After the whirlwind week that followed the Los Angeles Kings’ Stanley Cup victory, who could blame Alec Martinez if he wants something a little more low key for his day with the Cup.
That’s why Martinez will opt to spend his moment with family and close friends at his new offseason home in the Dallas suburbs, far from the glitz and glamour of Hollywood and the excitement that came with bringing the Cup to Los Angeles for the first time in the organization’s 45-year history.
“When you win something like that you want to be able to enjoy it, but you want to be able to enjoy it with the people you care about and let them enjoy it, too,” said the 25-year-old defenseman who wrapped up his second full season with the Kings in style.
“I think I’ll just have a party with my close friends and family there, along with some of my old coaches who helped me out a lot along the way. Maybe I’ll squeeze in a quick nine holes or something with it, but other than that it will probably just be a low-key day.”
As is the case with most athletes, it took a small village to help Martinez achieve his dream. From his early days in the Detroit Skating Club, through his formative years in youth hockey, first in San Jose with the Jr. Sharks and then with Honeybaked back home in Detroit, Martinez is as quick to dish out praise for his development as he is to make a breakout pass to trigger the Kings’ rush.
While his development was full of twists and turns, one thing Martinez was always sure of was that he would follow the collegiate route to pursue his hockey dream. The best way to achieve that was to hone his craft in the United States Hockey League.
“I always planned on going to college,” Martinez said. “The USHL was huge for that. I think that it’s probably still the best Junior league. I don’t know what the percentage is, but I would imagine that most of the guys who play in that league go on to D-I programs.”
Playing for Mark Carlson and the Cedar Rapids RoughRiders helped pave the way for Martinez to play college hockey while getting a first-rate education at Miami University.
“The coaching staff is pretty much the reason why I decided to go there. I felt that they really wanted me, and I wanted to be a part of an up and coming program,” Martinez said of playing for Miami head coach Enrico Blasi, who has built a powerhouse program in his 13 years there.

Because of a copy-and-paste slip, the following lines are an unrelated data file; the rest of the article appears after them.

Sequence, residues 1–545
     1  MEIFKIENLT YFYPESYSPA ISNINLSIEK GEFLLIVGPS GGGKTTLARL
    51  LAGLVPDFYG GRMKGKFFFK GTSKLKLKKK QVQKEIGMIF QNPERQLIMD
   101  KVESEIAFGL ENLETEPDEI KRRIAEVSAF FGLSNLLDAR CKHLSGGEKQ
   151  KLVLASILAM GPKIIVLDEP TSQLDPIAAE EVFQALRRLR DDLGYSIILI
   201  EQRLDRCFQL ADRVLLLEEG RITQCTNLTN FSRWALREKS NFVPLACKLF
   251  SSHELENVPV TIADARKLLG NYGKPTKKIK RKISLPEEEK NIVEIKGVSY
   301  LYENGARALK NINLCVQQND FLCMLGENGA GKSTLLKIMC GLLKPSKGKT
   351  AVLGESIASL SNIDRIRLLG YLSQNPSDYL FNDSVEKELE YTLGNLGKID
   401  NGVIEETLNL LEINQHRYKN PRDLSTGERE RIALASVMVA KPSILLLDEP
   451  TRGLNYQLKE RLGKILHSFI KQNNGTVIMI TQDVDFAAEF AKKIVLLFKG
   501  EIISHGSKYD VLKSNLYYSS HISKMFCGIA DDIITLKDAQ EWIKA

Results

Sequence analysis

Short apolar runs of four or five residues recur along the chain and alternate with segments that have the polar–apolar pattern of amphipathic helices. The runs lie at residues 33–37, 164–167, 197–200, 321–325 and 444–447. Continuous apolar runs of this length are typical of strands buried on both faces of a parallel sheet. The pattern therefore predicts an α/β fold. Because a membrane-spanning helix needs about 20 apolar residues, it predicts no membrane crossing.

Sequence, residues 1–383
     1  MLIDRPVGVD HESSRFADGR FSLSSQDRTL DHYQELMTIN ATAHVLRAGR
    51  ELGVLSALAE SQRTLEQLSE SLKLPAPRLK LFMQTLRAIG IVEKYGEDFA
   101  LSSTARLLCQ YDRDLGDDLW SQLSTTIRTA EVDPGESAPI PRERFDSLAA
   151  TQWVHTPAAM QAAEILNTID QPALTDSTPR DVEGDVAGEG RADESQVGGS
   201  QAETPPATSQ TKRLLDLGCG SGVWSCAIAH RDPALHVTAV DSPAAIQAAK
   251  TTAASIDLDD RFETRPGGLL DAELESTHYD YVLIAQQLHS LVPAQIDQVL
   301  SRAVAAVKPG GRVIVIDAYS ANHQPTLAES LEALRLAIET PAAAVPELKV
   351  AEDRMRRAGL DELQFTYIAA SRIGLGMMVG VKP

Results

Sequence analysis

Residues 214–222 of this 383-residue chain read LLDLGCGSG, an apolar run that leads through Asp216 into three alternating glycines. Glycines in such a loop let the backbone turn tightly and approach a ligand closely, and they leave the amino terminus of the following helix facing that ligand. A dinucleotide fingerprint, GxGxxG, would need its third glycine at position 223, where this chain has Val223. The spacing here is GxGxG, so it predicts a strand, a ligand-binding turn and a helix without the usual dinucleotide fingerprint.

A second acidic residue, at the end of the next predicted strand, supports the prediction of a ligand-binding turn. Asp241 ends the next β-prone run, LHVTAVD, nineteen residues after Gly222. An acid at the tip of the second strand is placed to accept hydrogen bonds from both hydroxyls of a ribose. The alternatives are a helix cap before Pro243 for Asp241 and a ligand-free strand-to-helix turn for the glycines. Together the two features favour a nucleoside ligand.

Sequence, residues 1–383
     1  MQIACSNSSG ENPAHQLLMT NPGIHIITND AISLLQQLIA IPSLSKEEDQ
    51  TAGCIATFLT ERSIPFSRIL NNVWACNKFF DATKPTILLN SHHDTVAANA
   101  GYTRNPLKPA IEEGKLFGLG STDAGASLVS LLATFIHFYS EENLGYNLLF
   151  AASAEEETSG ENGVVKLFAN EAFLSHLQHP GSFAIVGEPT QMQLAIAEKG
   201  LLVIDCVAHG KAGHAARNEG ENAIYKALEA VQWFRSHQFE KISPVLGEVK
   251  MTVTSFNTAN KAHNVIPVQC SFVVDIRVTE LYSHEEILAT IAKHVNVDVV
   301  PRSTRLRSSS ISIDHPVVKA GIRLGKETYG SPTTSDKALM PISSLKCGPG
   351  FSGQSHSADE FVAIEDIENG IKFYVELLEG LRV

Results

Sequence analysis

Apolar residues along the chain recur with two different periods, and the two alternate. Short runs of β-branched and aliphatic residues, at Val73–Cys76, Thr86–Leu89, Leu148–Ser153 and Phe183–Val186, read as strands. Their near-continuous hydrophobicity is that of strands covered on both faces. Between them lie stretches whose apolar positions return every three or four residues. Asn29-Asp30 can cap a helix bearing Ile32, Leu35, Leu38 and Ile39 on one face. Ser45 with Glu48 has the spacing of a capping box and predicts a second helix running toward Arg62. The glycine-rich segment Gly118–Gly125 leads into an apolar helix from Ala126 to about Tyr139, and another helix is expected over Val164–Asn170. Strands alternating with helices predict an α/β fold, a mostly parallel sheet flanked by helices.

“It is one of the greatest places in the world. I developed a lot of great friendships there. I learned a lot on the hockey side of it. It’s a great school too, and I got a great education.”
As easy a decision as it was to go there, it was gut wrenching to leave after three years to begin his professional career. One thing that helped smooth the waters was Martinez’s promise to his parents that he would return to school to finish his accounting degree.
“Ever since I signed I’ve been taking classes and online courses, trying to stay diligent with it. It’s pretty difficult to go back but I’m just slowly but surely chipping away at it” he said.
“You obviously need that to fall back on because hockey is not going to last forever.”
As Martinez soon found out, his education was just beginning. Moving through the talent-rich Kings’
organization proved to be a challenge for Martinez, who finally earned a full-time position with the Kings in 2010.
“I know it’s cliché, but I wouldn’t have it any other way,” he said. “You learn a lot and it makes you appreciate where I’m at now.”
For the time being, Martinez is looking to enjoy a little time with the Cup before getting back to work.
As any Stanley Cup champion knows, the offseason is short enough, but when you head into the new season with a bulls-eye on your chest you have to be ready.
“It’s going to be a shorter summer, but I’m certainly all right with that considering what happened,” Martinez said.
“I’ll continue to enjoy it, but now it’s back to reality. I’ll start working out soon and start thinking about next season. That week was definitely the best time of my life, and I’ll never forget it.”
Photos courtesy of Getty Images
Fort Worth, Texas
When Cameron was told that his family would be moving from his home in the Springfield, Mass., area to Forth Worth, he issued an ultimatum. If there was no hockey in Texas, then he wouldn’t be moving. Fortunately for the Colberg clan, there are a number of outstanding hockey programs in Texas, including the Forth Worth area. So far it’s been a good fit as Cameron has excelled on the ice, on the baseball field and in the classroom. Recently, he helped his mother collect letters from all the third grade classes in his school to thank the local firefighters, police and emergency medical technicians for the holidays.